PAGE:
Dye, Yenger

Zachary Dye, left, and Christopher Yenger, right

OTTUMWA — A man who got punched at a party has been sentenced for returning to the scene and burning the house down, killing two people.

Christopher Yenger will serve life in prison without the possibility of parole. There are two counts, each with that life sentence, and they are listed by the judge as being “consecutive.” The trial and sentencing began approximately 10 years after the fire that caused the 2006 deaths of Nathan Messer and Seth Anderson.

The state said Yenger was mad that he got his nose bloodied in a fight at a house party in rural Wapello County. He talked to his roommate about wanting to “get back at” the partiers. Yenger set the house on fire; one witness account stated he used a bottle of gas with a flaming wick stuck in it: A Molotov cocktail.

Wapello County Attorney Gary Oldenburger was co-prosecutor in the case. The jury deliberated only about three hours before coming back with a verdict: guilty on both counts, murder in the first degree. Punishing their sons’ killer, Oldenburger said, may allow some small sense of justice for the families.

“This was a … senseless act,” Oldenburger told the Courier on the day the guilty verdict had come in.

There was virtually no question what the sentence would be: It’s a mandatory life sentence for murder in the first degree. In mid-February, the families of both victims offered a joint written statement. It thanked law enforcement, as well as victim advocates.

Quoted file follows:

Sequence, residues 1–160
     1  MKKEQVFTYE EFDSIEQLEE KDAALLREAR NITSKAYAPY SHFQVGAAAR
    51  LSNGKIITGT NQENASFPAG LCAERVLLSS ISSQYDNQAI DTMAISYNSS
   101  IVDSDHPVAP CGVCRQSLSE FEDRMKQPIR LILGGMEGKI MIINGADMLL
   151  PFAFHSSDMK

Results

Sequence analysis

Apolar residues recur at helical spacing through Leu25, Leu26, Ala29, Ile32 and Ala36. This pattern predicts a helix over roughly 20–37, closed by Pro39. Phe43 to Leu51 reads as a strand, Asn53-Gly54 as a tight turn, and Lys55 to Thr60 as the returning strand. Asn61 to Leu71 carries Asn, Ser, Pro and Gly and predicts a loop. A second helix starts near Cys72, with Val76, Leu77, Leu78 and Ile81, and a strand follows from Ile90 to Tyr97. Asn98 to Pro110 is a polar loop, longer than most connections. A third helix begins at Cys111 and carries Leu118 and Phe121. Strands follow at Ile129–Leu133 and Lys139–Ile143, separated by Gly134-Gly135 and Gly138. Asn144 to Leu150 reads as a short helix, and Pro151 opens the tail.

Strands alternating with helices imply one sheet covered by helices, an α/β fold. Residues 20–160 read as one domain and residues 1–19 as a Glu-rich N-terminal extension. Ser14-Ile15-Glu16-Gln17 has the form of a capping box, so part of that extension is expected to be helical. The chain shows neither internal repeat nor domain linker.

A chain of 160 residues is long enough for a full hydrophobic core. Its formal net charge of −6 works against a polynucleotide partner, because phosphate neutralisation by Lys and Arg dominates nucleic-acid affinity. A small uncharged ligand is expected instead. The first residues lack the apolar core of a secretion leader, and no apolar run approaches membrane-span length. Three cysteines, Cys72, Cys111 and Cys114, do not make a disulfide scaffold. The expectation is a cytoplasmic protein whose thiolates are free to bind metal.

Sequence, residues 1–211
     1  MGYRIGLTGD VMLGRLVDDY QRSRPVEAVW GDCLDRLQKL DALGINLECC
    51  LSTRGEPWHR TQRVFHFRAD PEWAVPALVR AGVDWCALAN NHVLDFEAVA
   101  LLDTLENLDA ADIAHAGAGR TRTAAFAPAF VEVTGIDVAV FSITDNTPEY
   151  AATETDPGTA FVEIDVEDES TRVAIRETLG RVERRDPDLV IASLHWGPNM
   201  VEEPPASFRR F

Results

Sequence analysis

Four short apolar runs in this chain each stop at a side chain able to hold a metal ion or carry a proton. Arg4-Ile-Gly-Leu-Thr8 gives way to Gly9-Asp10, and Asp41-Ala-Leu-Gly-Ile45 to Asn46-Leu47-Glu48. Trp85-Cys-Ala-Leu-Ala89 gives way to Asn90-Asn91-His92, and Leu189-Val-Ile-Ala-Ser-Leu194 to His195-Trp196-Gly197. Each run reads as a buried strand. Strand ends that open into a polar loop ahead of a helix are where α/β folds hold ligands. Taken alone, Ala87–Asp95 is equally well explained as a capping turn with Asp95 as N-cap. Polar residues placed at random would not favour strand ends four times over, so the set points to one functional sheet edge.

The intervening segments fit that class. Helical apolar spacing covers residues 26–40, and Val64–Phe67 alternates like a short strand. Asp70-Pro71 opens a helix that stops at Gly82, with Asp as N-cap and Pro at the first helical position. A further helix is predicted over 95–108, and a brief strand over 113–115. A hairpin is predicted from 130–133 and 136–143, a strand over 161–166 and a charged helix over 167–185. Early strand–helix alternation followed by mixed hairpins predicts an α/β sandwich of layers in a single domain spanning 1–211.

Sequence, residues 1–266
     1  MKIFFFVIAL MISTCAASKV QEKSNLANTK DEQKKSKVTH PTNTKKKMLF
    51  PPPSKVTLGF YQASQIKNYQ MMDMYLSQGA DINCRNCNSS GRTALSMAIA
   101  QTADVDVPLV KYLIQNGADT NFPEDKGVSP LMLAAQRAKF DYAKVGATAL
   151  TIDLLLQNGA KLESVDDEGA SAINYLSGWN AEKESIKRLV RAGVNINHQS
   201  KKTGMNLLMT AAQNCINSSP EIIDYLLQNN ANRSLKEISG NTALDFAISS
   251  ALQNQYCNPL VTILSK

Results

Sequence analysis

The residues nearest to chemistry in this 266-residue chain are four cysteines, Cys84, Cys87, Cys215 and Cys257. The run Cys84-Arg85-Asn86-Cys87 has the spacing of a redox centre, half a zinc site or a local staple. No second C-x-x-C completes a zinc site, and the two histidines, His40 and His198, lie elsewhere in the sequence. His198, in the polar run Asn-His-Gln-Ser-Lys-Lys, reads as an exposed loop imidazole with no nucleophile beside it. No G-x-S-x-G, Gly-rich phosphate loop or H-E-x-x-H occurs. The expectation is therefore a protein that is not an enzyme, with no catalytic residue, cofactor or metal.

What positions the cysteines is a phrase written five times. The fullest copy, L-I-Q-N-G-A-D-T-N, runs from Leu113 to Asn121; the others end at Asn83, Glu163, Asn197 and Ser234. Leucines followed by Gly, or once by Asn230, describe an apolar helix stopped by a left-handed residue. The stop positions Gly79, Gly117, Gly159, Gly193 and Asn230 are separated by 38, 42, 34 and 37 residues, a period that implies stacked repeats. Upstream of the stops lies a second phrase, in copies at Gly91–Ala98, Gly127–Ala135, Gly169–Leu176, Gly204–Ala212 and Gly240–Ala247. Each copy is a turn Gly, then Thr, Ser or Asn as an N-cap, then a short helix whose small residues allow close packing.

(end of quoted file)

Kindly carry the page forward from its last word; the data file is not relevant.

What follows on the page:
“We are all blessed with the safety net of family and friends. Those who reached out, and picked us up when the boys died, and then later when we learned they were murdered. You lifted us up and didn’t let us back down. We’d like to think that Seth and Nate are looking down on us and smiling about that.” The letter was signed by Dennis and Marty Anderson, and Mel and Jolynn Messer. It also acknowledged the prosecutors: “They made sure that the people who committed this crime were held accountable.”

Yenger’s roommate, prosecutors said, was Zachary Dye, 28. At first, he had also been charged with two counts of murder in the 2006 fire. He accepted a deal that saw him convicted of aiding and abetting first-degree arson. Prosecutors then acknowledged it wasn’t Dye who lit the fire. His sentence, read the same day, is 25 years in prison.

Law enforcement arrested Yenger and Zachary Dye in 2016, roughly 10 years after the murders took place.

Reporter Mark Newman can be contacted at mnewman@ottumwacourier.com and followed on Twitter @couriermark.


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